41. Swann's Way by Marcel Proust

I only registered on this book about 9 years into my 10 year classics journey. They say it is one of the most beautiful books in all of literature. Who knew?

After I saw an old Shelby Foote interview on CSpan2 BookTV, I decided to read (listen to) an abridged version of the first book of the total work called In Search of Lost Time/Remembrance of Things Past. Shelby's mother gave him the entire novel in four bound volumes when he was 17 years. He had read through ALL the unabridged volumes nine times between 1933 and 1993, and the entire work is 3,000 pages! 

I admire Shelby Foote so much (he wrote the definitive Civil War history and was made famous when he appeared as an historian on Ken Burn's Civil War series) that I wanted to see what all the fuss was about.  

When asked why he had read them so many times, he said he read them for two reasons: 
"One is pure enjoyment. Proust is one of the most intransient (permanent) writers that ever lived. And the second, he can teach you something, you can always learn. A writer can always learn from Proust, and he can indeed, we were talking about Shakespeare earlier, that's the grand master teacher."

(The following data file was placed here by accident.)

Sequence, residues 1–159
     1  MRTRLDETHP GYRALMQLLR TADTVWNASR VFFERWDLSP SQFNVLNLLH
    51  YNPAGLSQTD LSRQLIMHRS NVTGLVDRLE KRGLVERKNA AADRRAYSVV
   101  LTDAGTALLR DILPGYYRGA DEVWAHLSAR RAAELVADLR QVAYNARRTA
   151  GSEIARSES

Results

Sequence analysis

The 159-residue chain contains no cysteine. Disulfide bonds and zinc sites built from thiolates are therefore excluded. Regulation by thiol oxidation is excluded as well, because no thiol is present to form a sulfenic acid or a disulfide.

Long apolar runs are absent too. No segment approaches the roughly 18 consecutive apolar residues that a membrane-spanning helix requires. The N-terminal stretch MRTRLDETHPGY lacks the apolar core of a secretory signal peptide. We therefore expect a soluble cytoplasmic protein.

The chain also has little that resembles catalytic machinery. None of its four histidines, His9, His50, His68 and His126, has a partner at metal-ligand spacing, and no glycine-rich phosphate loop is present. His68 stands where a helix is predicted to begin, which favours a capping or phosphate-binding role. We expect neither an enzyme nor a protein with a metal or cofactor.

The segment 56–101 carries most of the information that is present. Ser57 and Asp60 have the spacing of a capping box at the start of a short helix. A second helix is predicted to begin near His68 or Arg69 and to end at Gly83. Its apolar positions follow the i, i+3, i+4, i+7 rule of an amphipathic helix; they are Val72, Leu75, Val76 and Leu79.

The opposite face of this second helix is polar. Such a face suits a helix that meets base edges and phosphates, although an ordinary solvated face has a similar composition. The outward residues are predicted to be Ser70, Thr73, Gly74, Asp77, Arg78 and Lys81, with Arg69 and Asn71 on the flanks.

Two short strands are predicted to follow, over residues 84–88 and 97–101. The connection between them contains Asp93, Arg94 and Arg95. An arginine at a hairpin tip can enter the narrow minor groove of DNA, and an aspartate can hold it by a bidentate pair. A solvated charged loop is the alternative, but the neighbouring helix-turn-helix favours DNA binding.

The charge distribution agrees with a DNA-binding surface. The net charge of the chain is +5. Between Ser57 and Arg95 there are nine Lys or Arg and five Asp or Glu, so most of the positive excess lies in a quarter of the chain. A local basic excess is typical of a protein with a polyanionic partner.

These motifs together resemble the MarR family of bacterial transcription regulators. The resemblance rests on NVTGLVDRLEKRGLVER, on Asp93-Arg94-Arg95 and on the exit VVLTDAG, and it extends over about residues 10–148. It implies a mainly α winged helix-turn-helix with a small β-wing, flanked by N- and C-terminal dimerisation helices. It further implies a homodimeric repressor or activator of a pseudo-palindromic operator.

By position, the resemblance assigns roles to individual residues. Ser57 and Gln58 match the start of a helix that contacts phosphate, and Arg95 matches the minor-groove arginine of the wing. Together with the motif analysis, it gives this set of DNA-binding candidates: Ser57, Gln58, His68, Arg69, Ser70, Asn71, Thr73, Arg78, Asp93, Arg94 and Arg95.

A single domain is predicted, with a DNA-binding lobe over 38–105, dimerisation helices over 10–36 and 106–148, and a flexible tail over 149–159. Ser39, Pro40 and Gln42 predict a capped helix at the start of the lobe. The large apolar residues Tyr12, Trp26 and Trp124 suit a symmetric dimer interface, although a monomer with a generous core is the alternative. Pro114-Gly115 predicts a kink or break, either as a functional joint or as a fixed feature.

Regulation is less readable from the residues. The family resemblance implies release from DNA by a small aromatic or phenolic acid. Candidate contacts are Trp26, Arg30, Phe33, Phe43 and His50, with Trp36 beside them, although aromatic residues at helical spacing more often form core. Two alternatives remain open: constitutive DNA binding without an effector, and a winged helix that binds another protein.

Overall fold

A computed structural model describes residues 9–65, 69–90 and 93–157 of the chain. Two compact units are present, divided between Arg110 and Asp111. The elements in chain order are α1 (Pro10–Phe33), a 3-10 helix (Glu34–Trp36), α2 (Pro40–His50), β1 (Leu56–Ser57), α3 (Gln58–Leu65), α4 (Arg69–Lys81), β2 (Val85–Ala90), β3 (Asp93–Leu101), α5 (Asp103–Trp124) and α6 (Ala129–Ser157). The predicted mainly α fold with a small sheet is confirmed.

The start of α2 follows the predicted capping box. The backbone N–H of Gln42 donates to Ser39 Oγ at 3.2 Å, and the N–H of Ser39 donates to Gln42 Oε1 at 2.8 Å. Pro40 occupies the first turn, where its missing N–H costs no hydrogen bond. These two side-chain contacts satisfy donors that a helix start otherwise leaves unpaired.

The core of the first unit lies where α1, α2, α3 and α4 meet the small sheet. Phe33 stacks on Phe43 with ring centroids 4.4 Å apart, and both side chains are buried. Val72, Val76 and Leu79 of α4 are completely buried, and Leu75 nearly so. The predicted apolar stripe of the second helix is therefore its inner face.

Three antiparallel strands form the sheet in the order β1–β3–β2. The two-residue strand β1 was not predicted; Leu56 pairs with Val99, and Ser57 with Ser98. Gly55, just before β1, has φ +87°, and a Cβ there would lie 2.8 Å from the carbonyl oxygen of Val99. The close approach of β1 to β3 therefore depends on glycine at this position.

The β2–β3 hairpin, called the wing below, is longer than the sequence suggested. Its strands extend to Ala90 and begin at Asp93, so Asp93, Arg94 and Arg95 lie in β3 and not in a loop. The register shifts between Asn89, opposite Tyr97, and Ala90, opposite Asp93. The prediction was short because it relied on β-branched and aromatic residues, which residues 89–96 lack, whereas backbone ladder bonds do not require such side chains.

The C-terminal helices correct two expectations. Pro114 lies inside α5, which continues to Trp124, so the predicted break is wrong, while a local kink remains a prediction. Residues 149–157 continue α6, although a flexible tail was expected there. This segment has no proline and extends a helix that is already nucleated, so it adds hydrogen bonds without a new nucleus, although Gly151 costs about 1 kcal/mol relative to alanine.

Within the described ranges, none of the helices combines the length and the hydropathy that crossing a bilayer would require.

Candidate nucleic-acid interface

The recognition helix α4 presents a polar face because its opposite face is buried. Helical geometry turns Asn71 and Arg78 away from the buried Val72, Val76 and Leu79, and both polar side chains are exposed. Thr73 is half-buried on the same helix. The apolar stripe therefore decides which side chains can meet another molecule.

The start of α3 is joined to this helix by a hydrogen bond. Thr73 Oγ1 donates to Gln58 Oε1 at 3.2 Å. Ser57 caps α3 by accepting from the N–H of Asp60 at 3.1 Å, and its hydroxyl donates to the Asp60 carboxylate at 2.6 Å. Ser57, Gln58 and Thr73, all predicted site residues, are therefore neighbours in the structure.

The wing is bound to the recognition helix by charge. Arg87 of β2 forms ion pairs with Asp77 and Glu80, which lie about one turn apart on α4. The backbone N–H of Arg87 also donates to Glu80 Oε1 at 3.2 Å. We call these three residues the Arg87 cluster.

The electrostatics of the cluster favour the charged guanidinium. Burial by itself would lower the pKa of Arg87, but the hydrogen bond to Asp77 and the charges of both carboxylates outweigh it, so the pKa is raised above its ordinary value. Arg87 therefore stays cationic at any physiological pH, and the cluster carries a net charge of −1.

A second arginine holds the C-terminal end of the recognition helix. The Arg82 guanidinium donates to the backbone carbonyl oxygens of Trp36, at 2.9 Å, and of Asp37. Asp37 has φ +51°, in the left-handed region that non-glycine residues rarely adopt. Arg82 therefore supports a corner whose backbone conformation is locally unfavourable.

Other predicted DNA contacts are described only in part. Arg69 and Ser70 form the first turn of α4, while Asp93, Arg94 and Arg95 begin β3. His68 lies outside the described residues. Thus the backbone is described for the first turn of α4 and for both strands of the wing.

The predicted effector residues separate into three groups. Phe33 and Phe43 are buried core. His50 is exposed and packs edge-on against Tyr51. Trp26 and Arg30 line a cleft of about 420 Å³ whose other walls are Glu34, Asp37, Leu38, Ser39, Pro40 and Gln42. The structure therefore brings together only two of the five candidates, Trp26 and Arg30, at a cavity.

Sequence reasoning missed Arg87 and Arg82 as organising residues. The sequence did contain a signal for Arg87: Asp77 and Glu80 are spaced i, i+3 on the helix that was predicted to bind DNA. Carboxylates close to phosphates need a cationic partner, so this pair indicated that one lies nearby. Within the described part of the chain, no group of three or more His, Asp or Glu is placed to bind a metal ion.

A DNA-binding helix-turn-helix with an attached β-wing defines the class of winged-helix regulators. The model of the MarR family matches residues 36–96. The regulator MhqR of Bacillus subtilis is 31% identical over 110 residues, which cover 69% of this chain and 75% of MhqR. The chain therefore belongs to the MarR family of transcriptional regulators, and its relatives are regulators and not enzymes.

With that glowing recommendation, I listened to abridged version and was pleasantly surprised at how accessible he is. He is a beautiful writer with vivid descriptions that made my walks with Proust enjoyable! The musical interludes on the audio version are also quite lovely. 

I think I got the sanitized version in the abridgement because I guess there is more homosexual undertones in the unabridged version, or maybe I didn't get it in the abridged?  

I can say I read Proust now. WOOHOO!  Not sure if I will read the rest of them, but I did love this narrator!

In fact, here is a video of the narrator introducing Proust. It is excellent!









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